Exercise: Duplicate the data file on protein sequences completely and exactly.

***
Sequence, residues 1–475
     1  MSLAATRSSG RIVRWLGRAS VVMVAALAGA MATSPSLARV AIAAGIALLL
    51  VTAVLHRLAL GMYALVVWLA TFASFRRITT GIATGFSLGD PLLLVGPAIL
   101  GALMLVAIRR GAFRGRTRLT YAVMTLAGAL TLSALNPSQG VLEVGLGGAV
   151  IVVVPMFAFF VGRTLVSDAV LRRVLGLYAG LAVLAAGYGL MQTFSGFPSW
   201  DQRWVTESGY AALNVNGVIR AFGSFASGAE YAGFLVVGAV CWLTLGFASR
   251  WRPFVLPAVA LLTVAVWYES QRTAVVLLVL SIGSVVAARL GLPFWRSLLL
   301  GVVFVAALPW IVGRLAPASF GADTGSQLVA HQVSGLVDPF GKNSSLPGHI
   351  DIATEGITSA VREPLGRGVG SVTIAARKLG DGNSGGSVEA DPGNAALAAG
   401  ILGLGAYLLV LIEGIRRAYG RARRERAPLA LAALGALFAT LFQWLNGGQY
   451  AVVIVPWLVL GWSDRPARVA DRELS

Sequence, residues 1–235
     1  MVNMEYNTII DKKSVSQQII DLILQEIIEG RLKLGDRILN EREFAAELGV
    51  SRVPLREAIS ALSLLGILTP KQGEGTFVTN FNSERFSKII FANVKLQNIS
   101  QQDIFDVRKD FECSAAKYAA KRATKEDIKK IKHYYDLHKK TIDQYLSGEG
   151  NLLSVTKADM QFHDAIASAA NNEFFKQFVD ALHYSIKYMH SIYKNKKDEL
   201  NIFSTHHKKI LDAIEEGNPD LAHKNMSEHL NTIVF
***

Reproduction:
Sequence, residues 1–475
     1  MSLAATRSSG RIVRWLGRAS VVMVAALAGA MATSPSLARV AIAAGIALLL
    51  VTAVLHRLAL GMYALVVWLA TFASFRRITT GIATGFSLGD PLLLVGPAIL
   101  GALMLVAIRR GAFRGRTRLT YAVMTLAGAL TLSALNPSQG VLEVGLGGAV
   151  IVVVPMFAFF VGRTLVSDAV LRRVLGLYAG LAVLAAGYGL MQTFSGFPSW
   201  DQRWVTESGY AALNVNGVIR AFGSFASGAE YAGFLVVGAV CWLTLGFASR
   251  WRPFVLPAVA LLTVAVWYES QRTAVVLLVL SIGSVVAARL GLPFWRSLLL
   301  GVVFVAALPW IVGRLAPASF GADTGSQLVA HQVSGLVDPF GKNSSLPGHI
   351  DIATEGITSA VREPLGRGVG SVTIAARKLG DGNSGGSVEA DPGNAALAAG
   401  ILGLGAYLLV LIEGIRRAYG RARRERAPLA LAALGALFAT LFQWLNGGQY
   451  AVVIVPWLVL GWSDRPARVA DRELS

Sequence, residues 1–235
     1  MVNMEYNTII DKKSVSQQII DLILQEIIEG RLKLGDRILN EREFAAELGV
    51  SRVPLREAIS ALSLLGILTP KQGEGTFVTN FNSERFSKII FANVKLQNIS
   101  QQDIFDVRKD FECSAAKYAA KRATKEDIKK IKHYYDLHKK TIDQYLSGEG
   151  NLLSVTKADM QFHDAIASAA NNEFFKQFVD ALHYSIKYMH SIYKNKKDEL
   201  NIFSTHHKKI LDAIEEGNPD LAHKNMSEHL NTIVF